but he preferred to read the paper. Where do you spend the summer?

Who is it? It is they. The fact is that there is not enough for the two of you.

Before sitting down, I wiped the chair. On thinking it over, we have decided

he is not suitable. Put them there, don’t give them to me. How brown

you are getting! I am going to tell you the truth. It was as if the monkey

were human. Whenever I see him I give him a small coin. Where

is the chocolate? We have eaten it. There are Peter and Philip,

let’s go and invite them. We offered it to her. He entertains his friends

a great deal. He handed the list to the inspector. They took out

the necklaces and beads and showed them to the natives.

They showed them to them. She was so scared that her hair

stood on end. The nurse put a thermometer in his mouth and took

his temperature. He promised his wife he would buy her a new washing

machine. He promised it to her. In order to pay for it he borrowed

the money from his bank manager. It is impossible for us to accept

this ultimatum. They were shot at dawn. Why go on talking about it?

He thinks he’s handsome, but he isn’t. He is so kind-hearted! I told you so.

You cannot rely on him, believe me! We think it opportune to sell

all our shares in that company. I am surprised there are foreign tourists here.

They are everywhere. He thought he was so clever!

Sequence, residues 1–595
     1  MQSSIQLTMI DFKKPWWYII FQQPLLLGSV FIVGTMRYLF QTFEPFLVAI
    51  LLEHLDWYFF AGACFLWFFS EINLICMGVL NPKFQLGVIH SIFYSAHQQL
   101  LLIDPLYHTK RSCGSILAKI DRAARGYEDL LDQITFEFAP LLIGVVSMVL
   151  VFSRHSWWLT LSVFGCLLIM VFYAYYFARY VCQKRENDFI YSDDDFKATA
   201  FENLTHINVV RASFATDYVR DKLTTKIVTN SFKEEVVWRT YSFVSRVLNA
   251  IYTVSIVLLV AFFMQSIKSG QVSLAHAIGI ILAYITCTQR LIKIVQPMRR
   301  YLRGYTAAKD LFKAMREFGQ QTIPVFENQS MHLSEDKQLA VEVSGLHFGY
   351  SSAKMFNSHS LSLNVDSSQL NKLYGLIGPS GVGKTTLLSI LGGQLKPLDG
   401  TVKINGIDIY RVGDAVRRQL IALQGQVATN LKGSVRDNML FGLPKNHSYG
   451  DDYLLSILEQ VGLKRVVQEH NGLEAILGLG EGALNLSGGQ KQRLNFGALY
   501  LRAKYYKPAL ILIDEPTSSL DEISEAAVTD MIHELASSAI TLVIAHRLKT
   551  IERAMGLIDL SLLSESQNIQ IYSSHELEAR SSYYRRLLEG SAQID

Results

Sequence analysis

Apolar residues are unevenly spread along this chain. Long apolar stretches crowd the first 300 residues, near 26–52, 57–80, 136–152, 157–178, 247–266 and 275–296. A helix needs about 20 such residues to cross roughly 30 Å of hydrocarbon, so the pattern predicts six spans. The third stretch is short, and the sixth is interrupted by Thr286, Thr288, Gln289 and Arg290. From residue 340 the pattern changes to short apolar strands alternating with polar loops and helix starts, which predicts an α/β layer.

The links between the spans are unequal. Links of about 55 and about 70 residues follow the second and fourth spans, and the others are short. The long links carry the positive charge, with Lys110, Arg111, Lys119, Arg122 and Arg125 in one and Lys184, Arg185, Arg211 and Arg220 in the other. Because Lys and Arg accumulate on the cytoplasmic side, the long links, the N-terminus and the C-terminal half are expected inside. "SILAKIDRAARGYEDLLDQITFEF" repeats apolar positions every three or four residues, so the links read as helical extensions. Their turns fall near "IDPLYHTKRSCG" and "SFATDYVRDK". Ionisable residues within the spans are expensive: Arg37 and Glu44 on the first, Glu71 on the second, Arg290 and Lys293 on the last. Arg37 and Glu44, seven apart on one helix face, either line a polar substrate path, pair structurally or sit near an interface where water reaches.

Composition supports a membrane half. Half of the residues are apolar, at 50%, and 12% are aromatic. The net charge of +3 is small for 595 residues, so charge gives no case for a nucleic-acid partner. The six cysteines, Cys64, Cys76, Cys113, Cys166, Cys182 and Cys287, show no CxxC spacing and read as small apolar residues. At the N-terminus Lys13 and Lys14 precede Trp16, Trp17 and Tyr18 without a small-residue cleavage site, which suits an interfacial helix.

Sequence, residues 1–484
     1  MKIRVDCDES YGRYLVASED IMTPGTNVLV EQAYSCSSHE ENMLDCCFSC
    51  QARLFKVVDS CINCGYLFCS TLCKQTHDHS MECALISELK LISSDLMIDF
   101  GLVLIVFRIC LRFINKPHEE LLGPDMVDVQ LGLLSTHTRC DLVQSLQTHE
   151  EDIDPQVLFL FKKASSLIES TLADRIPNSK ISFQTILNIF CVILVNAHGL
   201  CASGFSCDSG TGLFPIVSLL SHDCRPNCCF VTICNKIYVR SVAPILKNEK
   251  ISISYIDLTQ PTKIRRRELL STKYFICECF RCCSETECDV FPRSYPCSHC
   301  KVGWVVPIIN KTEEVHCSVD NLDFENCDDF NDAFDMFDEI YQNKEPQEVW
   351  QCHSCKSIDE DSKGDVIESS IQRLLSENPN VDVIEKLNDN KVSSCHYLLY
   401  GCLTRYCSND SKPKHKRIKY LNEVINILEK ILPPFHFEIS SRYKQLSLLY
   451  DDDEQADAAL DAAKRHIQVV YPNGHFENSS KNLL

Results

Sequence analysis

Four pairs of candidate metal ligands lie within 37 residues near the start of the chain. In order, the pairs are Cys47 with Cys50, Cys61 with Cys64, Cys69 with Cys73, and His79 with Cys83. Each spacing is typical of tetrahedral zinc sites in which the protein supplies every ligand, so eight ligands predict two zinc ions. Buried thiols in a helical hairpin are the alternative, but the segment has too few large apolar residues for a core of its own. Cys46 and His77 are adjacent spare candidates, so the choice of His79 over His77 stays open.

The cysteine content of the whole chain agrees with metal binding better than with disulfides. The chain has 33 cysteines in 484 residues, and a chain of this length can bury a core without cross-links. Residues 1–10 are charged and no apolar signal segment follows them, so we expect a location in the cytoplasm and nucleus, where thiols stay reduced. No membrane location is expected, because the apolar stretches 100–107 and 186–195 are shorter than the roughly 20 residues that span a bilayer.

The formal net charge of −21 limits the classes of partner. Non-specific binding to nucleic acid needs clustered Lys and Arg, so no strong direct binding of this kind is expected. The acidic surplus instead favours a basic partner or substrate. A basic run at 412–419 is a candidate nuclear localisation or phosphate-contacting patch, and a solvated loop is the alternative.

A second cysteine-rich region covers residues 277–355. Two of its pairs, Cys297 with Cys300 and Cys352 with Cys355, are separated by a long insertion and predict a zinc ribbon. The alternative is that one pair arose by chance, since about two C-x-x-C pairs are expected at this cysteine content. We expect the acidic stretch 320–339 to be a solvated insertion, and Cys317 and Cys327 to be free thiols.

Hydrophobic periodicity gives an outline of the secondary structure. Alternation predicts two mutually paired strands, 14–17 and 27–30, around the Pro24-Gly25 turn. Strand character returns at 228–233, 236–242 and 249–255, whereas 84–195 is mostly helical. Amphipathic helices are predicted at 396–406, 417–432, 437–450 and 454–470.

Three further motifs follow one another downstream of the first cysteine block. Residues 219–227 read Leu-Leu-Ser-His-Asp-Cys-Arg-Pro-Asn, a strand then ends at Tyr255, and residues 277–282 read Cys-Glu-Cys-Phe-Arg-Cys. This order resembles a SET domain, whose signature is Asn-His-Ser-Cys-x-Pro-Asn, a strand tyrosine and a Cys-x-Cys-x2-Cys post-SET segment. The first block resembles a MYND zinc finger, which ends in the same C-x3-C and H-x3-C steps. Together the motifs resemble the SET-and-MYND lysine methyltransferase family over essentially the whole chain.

New Sentence Я Us! Johnson plays the pronouns into a comic series of exchanges, some light-hearted, others threatening. Individual sentences tend to be direct, but at times are just far enough “off” from idiomatic norms to give the reader that “dictated from Mars” feeling: How brown you are getting!

 

I have to admit I have always had an ambivalent relationship toward constructed texts of this sort, a feeling heightened now that the Ubu website seems to have decided that my own 2197 “anticipates, with its stock of phrases morphing and reappearing in different acrobatic poses throughout its pages, the preoccupation with dataflows, rhizomes and digital recurrence that has characterized much literature in the age of the internet.”** But 2197 was very much written the old-fashioned way, by looking at the materials at hand & figuring out in my head what should go next – its only quirk being that “the materials at hand” were restricted to one source sentence for syntax, one for vocabulary, determined mathematically from a core set of 169 sentences. My guess is that Johnson has proceeded through K.L.J. Mason’s Advanced Spanish Course in very much the same fashion, utilizing the “Practice Sentences for Translation into Spanish” as source material, but then just writing. I don’t think it’s possible – in the above section or elsewhere throughout these 34 single-stanza pieces of variable length – to have produced what we find here through a system. Johnson’s wit is too sharp, his timing too exact. It passes a variant of the Turing test for poetry that I call the Ginger Rogers test – Rogers had to do everything Fred Astaire did, but backwards in high heels – if it’s this smooth, it wasn’t done by machine.